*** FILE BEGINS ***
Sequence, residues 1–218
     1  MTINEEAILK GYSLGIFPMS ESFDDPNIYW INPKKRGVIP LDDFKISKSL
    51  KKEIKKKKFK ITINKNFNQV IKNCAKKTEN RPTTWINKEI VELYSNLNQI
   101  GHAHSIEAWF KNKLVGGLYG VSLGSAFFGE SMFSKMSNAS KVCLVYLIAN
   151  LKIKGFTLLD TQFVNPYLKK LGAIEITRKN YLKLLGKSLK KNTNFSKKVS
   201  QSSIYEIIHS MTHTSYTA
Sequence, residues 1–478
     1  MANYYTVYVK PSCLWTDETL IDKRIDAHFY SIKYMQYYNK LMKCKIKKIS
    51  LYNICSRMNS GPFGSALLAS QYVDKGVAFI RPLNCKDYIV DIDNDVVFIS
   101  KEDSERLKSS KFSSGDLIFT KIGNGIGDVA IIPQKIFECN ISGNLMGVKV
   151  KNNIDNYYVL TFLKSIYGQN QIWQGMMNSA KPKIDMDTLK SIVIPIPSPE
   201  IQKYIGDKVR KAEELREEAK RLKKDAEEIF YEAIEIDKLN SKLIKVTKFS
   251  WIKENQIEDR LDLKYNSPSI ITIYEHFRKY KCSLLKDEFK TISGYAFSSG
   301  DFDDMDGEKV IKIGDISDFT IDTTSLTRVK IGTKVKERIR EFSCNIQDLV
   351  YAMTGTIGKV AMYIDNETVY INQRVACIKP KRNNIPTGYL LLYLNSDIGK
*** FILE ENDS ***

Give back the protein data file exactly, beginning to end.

Sequence, residues 1–218
     1  MTINEEAILK GYSLGIFPMS ESFDDPNIYW INPKKRGVIP LDDFKISKSL
    51  KKEIKKKKFK ITINKNFNQV IKNCAKKTEN RPTTWINKEI VELYSNLNQI
   101  GHAHSIEAWF KNKLVGGLYG VSLGSAFFGE SMFSKMSNAS KVCLVYLIAN
   151  LKIKGFTLLD TQFVNPYLKK LGAIEITRKN YLKLLGKSLK KNTNFSKKVS
   201  QSSIYEIIHS MTHTSYTA
Sequence, residues 1–478
     1  MANYYTVYVK PSCLWTDETL IDKRIDAHFY SIKYMQYYNK LMKCKIKKIS
    51  LYNICSRMNS GPFGSALLAS QYVDKGVAFI RPLNCKDYIV DIDNDVVFIS
   101  KEDSERLKSS KFSSGDLIFT KIGNGIGDVA IIPQKIFECN ISGNLMGVKV
   151  KNNIDNYYVL TFLKSIYGQN QIWQGMMNSA KPKIDMDTLK SIVIPIPSPE
   201  IQKYIGDKVR KAEELREEAK RLKKDAEEIF YEAIEIDKLN SKLIKVTKFS
   251  WIKENQIEDR LDLKYNSPSI ITIYEHFRKY KCSLLKDEFK TISGYAFSSG
   301  DFDDMDGEKV IKIGDISDFT IDTTSLTRVK IGTKVKERIR EFSCNIQDLV
   351  YAMTGTIGKV AMYIDNETVY INQRVACIKP KRNNIPTGYL LLYLNSDIGK